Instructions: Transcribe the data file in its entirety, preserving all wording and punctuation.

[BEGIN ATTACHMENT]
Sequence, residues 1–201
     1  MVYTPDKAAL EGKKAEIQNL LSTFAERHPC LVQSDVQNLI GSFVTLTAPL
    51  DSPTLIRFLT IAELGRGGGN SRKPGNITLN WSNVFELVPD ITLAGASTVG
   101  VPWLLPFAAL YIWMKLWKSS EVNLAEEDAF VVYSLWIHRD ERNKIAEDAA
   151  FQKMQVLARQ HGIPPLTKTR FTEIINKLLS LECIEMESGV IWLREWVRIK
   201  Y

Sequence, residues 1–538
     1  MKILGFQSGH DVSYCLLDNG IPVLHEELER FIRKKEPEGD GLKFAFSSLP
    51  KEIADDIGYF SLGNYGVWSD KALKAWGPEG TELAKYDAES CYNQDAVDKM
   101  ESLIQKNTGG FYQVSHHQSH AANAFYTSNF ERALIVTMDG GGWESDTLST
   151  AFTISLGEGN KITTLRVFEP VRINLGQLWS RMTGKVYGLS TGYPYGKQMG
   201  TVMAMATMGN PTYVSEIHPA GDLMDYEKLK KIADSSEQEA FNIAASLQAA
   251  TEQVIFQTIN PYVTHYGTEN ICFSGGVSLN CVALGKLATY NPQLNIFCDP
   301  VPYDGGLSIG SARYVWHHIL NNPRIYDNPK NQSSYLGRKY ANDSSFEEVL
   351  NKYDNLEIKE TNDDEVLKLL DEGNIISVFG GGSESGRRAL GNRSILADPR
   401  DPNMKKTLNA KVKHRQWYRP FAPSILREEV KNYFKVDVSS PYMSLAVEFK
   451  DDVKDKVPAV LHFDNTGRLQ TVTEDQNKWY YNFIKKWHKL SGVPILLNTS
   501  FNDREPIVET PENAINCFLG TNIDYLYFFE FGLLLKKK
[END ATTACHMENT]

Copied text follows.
Sequence, residues 1–201
     1  MVYTPDKAAL EGKKAEIQNL LSTFAERHPC LVQSDVQNLI GSFVTLTAPL
    51  DSPTLIRFLT IAELGRGGGN SRKPGNITLN WSNVFELVPD ITLAGASTVG
   101  VPWLLPFAAL YIWMKLWKSS EVNLAEEDAF VVYSLWIHRD ERNKIAEDAA
   151  FQKMQVLARQ HGIPPLTKTR FTEIINKLLS LECIEMESGV IWLREWVRIK
   201  Y

Sequence, residues 1–538
     1  MKILGFQSGH DVSYCLLDNG IPVLHEELER FIRKKEPEGD GLKFAFSSLP
    51  KEIADDIGYF SLGNYGVWSD KALKAWGPEG TELAKYDAES CYNQDAVDKM
   101  ESLIQKNTGG FYQVSHHQSH AANAFYTSNF ERALIVTMDG GGWESDTLST
   151  AFTISLGEGN KITTLRVFEP VRINLGQLWS RMTGKVYGLS TGYPYGKQMG
   201  TVMAMATMGN PTYVSEIHPA GDLMDYEKLK KIADSSEQEA FNIAASLQAA
   251  TEQVIFQTIN PYVTHYGTEN ICFSGGVSLN CVALGKLATY NPQLNIFCDP
   301  VPYDGGLSIG SARYVWHHIL NNPRIYDNPK NQSSYLGRKY ANDSSFEEVL
   351  NKYDNLEIKE TNDDEVLKLL DEGNIISVFG GGSESGRRAL GNRSILADPR
   401  DPNMKKTLNA KVKHRQWYRP FAPSILREEV KNYFKVDVSS PYMSLAVEFK
   451  DDVKDKVPAV LHFDNTGRLQ TVTEDQNKWY YNFIKKWHKL SGVPILLNTS
   501  FNDREPIVET PENAINCFLG TNIDYLYFFE FGLLLKKK